Winning is an art. Losing is a science. There are no guarantees that my Eagles will win Sunday’s game against the Dallas Cowgirls, I mean Cowboys. None. But with proper planning, excellent execution, and the ball bouncing just the right way, my Eagles should be fine. In sports speak, that’s called “Art.” That being said, there is a long list of lessons and a lengthy, litany of logistics that must be learned in order to earn a victory and avoid defeat.
Losing is a science. It can be done in a few short and simple steps. Just ask this season’s edition of the Philadelphia 76ers (and the Los Angeles Lakers and the New York Knicks, for that matter). Opposite of winning, if you don’t command or at least comprehend the fact that winning is an art, you will easily marshal and master and collect and accumulate the dirty laundry of losing.
Dennis Conner (born September 16, 1942) is an American yachtsman, known as “Mr. America’s Cup”. He is noted for winning the bronze medal at the 1976 Olympics, two Star World Championships, and four wins in the America’s Cup. He also wrote the book “The Art of Winning.” I guess I’ll have to add it to my reading list.
Winning takes more than “x’s” and “o’s”; it takes more than practice (Practice? Where’s Allen Iverson when we need him!); and it takes more than having the best team and the best players on paper. Art is defined as “a diverse range of human activities and the products of those activities.” In other words, true art isn’t “painting by the numbers.” It takes skill, savvy, flair and finesse to carefully create a piece of art and to actually envision a winsome win.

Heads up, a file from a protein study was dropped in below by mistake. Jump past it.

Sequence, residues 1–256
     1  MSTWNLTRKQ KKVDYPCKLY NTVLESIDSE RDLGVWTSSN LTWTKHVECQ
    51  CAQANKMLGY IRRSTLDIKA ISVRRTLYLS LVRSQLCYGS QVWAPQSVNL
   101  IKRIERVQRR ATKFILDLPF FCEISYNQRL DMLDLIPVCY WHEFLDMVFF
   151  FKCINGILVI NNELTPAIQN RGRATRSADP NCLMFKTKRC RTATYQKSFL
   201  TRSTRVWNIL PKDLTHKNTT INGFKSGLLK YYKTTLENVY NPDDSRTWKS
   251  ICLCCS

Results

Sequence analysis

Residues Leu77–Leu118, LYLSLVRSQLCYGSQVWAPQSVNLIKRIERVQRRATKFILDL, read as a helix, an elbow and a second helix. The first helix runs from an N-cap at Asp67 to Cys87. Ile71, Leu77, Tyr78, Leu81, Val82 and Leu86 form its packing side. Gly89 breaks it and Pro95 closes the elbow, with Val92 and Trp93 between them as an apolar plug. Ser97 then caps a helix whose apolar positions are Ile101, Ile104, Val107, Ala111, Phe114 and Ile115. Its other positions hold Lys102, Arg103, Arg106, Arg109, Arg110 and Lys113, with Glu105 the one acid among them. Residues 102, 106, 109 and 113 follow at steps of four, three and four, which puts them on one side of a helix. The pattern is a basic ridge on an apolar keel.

Losing takes little more than doing all, or just some, of the wrong things. Losing is a science, and science is defined as a “systematic enterprise that builds and organizes knowledge in the form of testable explanations and predictions.” It’s been tried and tested that poor, pathetic players all share the same attributes: they’re lazy and lethargic and listless and lackluster, and they lack the energy and the effort and the efficiency and the effectiveness that it takes to win.
In other words, it’s no secret that poor practice leads to poor performance. It’s no secret that team chemistry is a must for team wins. And it’s no secret that excellence and dominance and preeminence don’t just come out of thin air. Team turmoil and problem players are the raw material for licentious locker rooms. And that’s just a start. Pointing fingers and laying blame are part and parcel of a team that has nowhere to go but up.
And so if you want to win in life, acquire a taste for art. Not necessarily fine art, but the art of being kind and considerate and congenial and commendable. Learn the art of speaking with salt and giving with grace. Learn the art of being nice and benign, of being benevolent and compassionate, and of being concerned and considerate. And when it comes to sports, never mind mastering the sciences; focus on being an artisan and not being partisan, especially when it comes to dealing with people and persons and folks and family and all sorts of citizens of our society. You’ll be glad you did.